Before I Leave For My Host Campus

PLEASE READ ALL THE WAY THROUGH:

In planning what to take, remember that closet and other storage space at international schools is often limited so pack only essentials. Currently, transoceanic flights allow two bags to be checked through to the ultimate international destination. Students checking their bags to an intermediate international city and then rechecking the bags on another flight may be informed of weight limitations of 20 kilograms (44 pounds) or less or of restrictions to fewer checked or carry on items. Be prepared to pay a fee if necessary. If in doubt, check with the travel agency as to what limits apply to both checked baggage and carry-ons.

Other items, such as bulky clothing for winter, may be sent by mail . Regular mail can take up to six to eight weeks for delivery (three months in Spain), but in can also take as little as one-two weeks depending on the mail service purchased (air/air freight). All packages will be charged customs fees when they arrive at international countries. For customs information be sure that USED CLOTHING is clearly indicated even then there may be a customs charge. It may well be worth airline surcharges to take these items as extra baggage to have them when you want them (although you may find bargains in local shops, some things are more expensive abroad).

Have a copy of any prescribed medications you may be currently taking (signed by your doctor). If border control officials find you in possession of certain prescribed medications, it can lead to serious problems. Outside of the US, there is a list of controlled substances that are considered illegal in other countries (you may want to research this list). To prevent complications, carry required medication in clearly labeled containers and copies of any applicable prescriptions.  Students taking regular prescription medications are advised to take at least a three month supply. Such students typically must purchase additional medication in their host country- which is not a problem as long as they are able to supply a pharmacist with the generic name of the medication, as well as the ingredients. But be aware that the medication may not contain the exact ingredients as the original prescription (due to certain ingredients being considered illegal).

In packing your carry-on bag, be sure to include personal toiletry items, a change of clothing, and any prescribed medication. Students have been occasionally separated from their luggage. However, be sure to stay within size and weight limits for carry-on bags to avoid paying an extra fee. It is wise to take an inventory of what you packed in your luggage for insurance purposes- in case your bags are lost or stolen.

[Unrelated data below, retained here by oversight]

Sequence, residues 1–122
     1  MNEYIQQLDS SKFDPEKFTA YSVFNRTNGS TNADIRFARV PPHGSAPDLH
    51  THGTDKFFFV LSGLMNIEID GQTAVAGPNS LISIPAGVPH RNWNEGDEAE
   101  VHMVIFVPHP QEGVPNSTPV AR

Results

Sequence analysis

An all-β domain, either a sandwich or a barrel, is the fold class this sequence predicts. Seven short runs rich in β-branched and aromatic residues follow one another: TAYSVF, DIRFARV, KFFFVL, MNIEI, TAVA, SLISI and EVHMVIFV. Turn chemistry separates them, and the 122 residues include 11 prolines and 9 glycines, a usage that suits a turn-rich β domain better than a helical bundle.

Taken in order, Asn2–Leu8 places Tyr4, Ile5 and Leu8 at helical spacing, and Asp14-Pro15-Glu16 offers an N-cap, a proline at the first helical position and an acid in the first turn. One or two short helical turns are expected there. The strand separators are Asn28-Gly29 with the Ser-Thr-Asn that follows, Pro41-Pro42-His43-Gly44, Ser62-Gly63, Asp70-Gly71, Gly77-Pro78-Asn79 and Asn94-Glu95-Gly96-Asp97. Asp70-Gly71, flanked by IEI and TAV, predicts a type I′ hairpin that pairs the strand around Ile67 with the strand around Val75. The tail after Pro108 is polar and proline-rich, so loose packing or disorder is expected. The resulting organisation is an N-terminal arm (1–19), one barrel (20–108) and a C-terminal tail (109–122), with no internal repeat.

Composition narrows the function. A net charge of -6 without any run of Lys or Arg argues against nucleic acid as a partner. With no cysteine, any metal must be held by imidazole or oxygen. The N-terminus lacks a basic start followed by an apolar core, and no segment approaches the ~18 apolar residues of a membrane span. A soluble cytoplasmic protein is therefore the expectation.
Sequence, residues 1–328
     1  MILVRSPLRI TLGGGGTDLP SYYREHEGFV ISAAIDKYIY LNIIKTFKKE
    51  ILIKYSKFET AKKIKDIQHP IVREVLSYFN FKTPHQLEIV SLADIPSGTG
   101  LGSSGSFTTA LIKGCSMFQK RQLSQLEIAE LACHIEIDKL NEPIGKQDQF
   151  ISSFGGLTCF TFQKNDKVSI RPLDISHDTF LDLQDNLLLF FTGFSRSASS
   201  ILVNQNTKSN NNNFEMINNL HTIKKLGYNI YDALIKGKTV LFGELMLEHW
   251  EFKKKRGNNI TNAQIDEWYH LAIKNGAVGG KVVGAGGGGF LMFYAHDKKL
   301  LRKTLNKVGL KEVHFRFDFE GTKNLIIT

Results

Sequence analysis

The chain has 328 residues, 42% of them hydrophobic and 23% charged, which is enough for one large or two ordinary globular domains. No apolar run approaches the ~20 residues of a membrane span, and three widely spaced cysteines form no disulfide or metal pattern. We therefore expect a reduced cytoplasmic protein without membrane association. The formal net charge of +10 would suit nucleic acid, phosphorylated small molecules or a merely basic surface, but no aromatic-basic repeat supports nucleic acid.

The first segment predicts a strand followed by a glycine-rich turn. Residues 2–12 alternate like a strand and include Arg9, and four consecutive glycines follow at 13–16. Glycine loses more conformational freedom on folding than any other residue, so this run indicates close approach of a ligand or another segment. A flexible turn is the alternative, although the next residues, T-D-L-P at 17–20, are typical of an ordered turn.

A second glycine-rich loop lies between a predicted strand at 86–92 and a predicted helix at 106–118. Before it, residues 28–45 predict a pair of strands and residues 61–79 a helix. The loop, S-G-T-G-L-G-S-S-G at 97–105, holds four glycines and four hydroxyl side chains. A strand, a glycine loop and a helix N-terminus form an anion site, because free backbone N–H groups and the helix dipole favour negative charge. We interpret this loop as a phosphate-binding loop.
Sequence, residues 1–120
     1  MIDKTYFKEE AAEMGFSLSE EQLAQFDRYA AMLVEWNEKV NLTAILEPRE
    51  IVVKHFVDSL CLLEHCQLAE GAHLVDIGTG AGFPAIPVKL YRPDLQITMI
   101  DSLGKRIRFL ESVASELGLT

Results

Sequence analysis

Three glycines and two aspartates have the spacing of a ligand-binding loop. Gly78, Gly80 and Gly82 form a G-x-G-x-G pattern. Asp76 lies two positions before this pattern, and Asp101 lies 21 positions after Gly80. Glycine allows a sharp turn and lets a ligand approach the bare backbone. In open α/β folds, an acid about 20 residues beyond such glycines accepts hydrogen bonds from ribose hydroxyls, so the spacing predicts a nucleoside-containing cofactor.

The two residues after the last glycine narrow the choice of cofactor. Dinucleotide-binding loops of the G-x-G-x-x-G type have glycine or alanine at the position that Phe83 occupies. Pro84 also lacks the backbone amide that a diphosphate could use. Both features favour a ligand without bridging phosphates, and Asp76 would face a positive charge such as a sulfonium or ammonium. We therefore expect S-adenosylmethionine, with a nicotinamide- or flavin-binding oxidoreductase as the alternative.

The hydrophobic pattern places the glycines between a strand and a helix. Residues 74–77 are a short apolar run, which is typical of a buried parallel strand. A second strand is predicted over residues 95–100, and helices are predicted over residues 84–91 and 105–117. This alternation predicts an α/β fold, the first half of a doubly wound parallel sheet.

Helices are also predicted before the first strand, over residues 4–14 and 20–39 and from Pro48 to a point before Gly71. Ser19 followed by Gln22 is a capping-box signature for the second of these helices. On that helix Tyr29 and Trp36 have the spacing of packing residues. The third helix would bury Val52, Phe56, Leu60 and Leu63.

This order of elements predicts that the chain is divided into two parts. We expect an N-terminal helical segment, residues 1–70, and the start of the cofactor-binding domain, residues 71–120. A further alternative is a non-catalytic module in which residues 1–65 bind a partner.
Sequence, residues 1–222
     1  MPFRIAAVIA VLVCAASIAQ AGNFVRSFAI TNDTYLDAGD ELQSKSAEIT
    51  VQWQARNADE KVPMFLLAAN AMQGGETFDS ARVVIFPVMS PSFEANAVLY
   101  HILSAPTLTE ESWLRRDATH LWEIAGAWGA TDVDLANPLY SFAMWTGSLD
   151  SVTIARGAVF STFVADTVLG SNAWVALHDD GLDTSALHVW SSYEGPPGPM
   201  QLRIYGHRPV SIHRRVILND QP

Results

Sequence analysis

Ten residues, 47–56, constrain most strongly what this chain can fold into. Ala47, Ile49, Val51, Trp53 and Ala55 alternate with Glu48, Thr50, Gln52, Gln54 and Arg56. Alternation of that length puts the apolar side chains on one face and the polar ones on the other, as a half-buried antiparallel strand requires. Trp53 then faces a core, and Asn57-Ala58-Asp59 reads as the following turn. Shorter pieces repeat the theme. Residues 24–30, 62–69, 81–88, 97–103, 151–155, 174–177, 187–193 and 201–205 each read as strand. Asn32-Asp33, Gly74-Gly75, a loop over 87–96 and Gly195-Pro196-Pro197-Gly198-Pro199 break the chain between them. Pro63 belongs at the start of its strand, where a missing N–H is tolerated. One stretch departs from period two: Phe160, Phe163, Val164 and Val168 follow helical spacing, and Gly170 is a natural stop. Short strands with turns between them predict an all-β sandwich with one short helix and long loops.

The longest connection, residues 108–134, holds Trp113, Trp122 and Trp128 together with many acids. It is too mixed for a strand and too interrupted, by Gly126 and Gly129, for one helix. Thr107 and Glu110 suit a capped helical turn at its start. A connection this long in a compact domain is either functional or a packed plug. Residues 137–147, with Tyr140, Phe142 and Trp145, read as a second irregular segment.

As a stranger in a foreign land, you may unknowingly make such evident more than once, making yourself a target for con artists or thieves. DO NOT TRUST YOUR BAGGAGE OR PERSONAL EFFECTS WITH ANYONE other than an agent authorized to do so. Guard your carry-on baggage and other luggage whenever you travel, especially on trains/buses and at the airport/bus/train stations.

Current and former ACA students are essentially unanimous in suggesting the following:

  • Do not leave home without your passport!
  • Take $100 worth of local currency before entering the country, including coins or bills of small denominations for renting luggage carts.
  • Credit/debit card (American Express not recommended)
  • Phone charger while traveling
  • Take additional scans of the first page of your passport in case your physical passport is lost or stolen .
  • Take an International Driver’s License and state or provincial driver’s license, if you are planning any international driving.  Contact American or Canadian Automobile Association offices for details.
  • Take adapter plugs for any electrical appliances being transported.  Include a converter if the appliance is not for 220 volts.  Be sure voltage and wattage ratings of the converter are adequate for the appliances taken.  Adapter plugs and converters are not the same; bring both.
  • Bring warm clothes and comfortable close-toed shoes for school days as well as travel.  School buildings are not heated as much as North Americans may be accustomed to – usually not above 65 degrees F.  Think in terms of clothes that can be layered.  It can be chilly in the morning, warm by midday and cold again at night. This is true at all campuses.
  • Take a back pack. It will be handy for independent traveling and is not as easily damaged.
  • Keep in contact with your parents, regarding any changes in your itinerary while traveling, and once you have arrived safely to your destination.

Because needs and priorities differ so markedly among individuals, it is impossible to produce a list of “must take” items  for a year abroad. It is only possible to indicate some of the items that previous students have indicated as having a high priority.